Tens of thousands of protesters expressed their anger against French President Emmanuel Macron and his government’s decision to use the controversial article 49.3 to approve the controversial pension reform. During the night there were clashes with the police, who came to launch tear gas.
Paris, Nantes, Marseille and Besançon are some cities where the French came out again to express their disagreement with the now approved pension reform. In the French capital there are already nine consecutive days of intense demonstrations.
“The streets are ours,” was another battle cry from citizens who angrily marched from the Plaza d’Italia toward the capital’s largest garbage incineration plant, after the government banned congregations on the Champs-Elysees. and in the Plaza de la Concordia.
The police stole the limelight in these days, since tear gas and riot shields were used to disperse the protesters, who little by little have been raising the intensity of their demands.
There are already 81 arrests for the demonstrations on Saturday, and in total, the Parisian security forces report 142 detainees since Friday.
The massive accumulation of garbage in the streets has also been a phenomenon typical of the Parisian demonstrations, since the strike of the sanitation workers is still active.
The controversial decision to make use of Article 49.3
The protests intensified after last Thursday, when the Prime Minister of the French Government, Elisabeth Borne, made the decision to use article 49.3 to approve the controversial reform without a parliamentary vote. The opposition bloc – made up of parties from across the French political spectrum – filed a joint motion of no confidence against the Borne government.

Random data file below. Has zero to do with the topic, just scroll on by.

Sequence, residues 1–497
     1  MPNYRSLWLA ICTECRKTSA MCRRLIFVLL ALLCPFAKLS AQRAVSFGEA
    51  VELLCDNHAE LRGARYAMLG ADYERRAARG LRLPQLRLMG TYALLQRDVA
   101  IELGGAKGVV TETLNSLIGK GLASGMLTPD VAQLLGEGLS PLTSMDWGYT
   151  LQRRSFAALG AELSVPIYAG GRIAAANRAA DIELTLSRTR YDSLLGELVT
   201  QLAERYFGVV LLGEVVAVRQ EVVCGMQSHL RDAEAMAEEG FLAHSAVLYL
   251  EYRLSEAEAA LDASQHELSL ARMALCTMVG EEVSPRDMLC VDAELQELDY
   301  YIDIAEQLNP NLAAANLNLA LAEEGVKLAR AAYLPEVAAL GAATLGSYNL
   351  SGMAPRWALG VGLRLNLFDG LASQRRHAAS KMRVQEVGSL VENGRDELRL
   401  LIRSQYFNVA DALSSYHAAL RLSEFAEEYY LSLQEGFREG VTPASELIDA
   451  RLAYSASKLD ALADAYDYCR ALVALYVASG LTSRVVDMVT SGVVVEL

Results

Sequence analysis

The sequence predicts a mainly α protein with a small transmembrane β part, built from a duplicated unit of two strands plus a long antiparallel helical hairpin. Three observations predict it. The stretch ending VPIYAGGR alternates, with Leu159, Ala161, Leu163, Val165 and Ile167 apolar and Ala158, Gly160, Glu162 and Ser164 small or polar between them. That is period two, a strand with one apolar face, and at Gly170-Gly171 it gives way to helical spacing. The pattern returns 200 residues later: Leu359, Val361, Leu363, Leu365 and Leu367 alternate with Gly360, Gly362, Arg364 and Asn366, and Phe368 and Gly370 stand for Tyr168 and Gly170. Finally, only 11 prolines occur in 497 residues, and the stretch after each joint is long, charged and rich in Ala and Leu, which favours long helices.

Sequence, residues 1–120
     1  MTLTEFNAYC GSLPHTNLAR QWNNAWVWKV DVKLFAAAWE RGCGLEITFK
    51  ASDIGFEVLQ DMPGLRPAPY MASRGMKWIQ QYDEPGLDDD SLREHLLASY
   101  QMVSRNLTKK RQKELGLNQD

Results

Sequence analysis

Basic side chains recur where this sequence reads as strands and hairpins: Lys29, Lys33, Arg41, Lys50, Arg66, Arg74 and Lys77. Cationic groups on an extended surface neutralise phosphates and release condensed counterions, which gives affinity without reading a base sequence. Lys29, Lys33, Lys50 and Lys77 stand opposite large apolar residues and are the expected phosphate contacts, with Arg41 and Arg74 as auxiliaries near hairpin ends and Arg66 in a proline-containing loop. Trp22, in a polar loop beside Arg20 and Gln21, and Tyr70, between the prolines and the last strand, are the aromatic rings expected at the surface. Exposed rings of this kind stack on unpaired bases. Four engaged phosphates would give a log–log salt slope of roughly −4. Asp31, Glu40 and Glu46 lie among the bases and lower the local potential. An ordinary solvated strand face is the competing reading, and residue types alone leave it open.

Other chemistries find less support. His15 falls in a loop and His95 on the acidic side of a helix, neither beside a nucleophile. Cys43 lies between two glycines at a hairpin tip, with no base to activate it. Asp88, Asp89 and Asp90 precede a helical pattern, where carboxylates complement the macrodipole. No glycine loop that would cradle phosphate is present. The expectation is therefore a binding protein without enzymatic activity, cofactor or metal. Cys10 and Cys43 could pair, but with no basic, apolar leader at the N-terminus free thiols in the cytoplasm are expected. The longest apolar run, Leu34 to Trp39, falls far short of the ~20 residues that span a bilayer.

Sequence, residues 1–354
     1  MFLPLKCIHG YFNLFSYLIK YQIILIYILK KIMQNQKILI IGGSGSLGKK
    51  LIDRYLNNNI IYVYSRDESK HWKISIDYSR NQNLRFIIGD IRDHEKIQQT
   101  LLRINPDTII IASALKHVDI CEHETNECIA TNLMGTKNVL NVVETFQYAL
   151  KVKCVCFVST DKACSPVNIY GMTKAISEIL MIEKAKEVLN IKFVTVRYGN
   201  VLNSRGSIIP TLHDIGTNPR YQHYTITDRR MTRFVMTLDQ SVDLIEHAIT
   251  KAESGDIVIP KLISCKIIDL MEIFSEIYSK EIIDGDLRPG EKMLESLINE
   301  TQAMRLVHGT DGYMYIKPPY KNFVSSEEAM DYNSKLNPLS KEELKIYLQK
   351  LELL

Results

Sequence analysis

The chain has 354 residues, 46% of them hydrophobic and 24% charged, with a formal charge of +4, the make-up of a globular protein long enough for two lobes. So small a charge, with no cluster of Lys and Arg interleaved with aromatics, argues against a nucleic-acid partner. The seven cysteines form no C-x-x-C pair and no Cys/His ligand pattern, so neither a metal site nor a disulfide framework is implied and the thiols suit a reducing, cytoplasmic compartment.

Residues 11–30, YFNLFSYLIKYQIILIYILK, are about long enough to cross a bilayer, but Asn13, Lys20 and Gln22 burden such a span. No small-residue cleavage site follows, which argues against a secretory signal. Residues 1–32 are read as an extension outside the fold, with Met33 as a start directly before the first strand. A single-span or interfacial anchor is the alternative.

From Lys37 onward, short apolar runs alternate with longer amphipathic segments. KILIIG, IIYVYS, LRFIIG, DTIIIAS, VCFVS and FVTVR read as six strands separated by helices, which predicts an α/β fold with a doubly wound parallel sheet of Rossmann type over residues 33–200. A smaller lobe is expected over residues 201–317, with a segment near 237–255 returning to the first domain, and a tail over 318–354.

The 49.3, as it is popularly known, allows the executive to pass laws over the legislative, without requiring the approval of the parliamentary vote. The Government of Borne had already used it seven times, but it is the first time that it has used it to approve a law not related to budgetary matters.
“The government used force to pass its bill. But we have to fight for our social achievements, and the only way to do it is to take to the streets,” said Melodie Tunc, 22, in the midst of the demonstrations.
The blockade of the pension reform
The Executive of Emmanuel Macron made the decision to make use of article 49.3 given the uncertainty that the reform would be approved by the French Legislative Power on Thursday, the date on which the debate on the reform in the French hemicycle was scheduled.
The reform, which raises the retirement age from 62 to 64, was strongly questioned by a large part of the French Parliament. From left-wing parties defined as La Francia Insumisa (LFI), to the extreme right led by Marine Le Pen’s party, Agrupación Nacional, constantly expressed themselves against the reform.
The feeling inside the National Assembly was replicated in the streets and since the presentation of the project on January 10, the French streets experienced thousands of citizens who marched to express their desire to stop the approval of the law.
“The reform must be applied… Violence cannot be tolerated,” said Bruno Le Maire, French Finance Minister, when questioned by local media about popular concern.
Although Emmanuel Macron has not yet publicly reacted to the intense mobilizations, in recent days he expressed that the reform was necessary to avoid the collapse of the system.
The demonstrations against the pension reform have been the biggest popular challenge for the Executive of Emmanuel Macron since the crisis of the “yellow vests” four years ago. The approval of the reform, instead of ending the tensions, seems to have fueled them to the extreme.
With Reuters and AP
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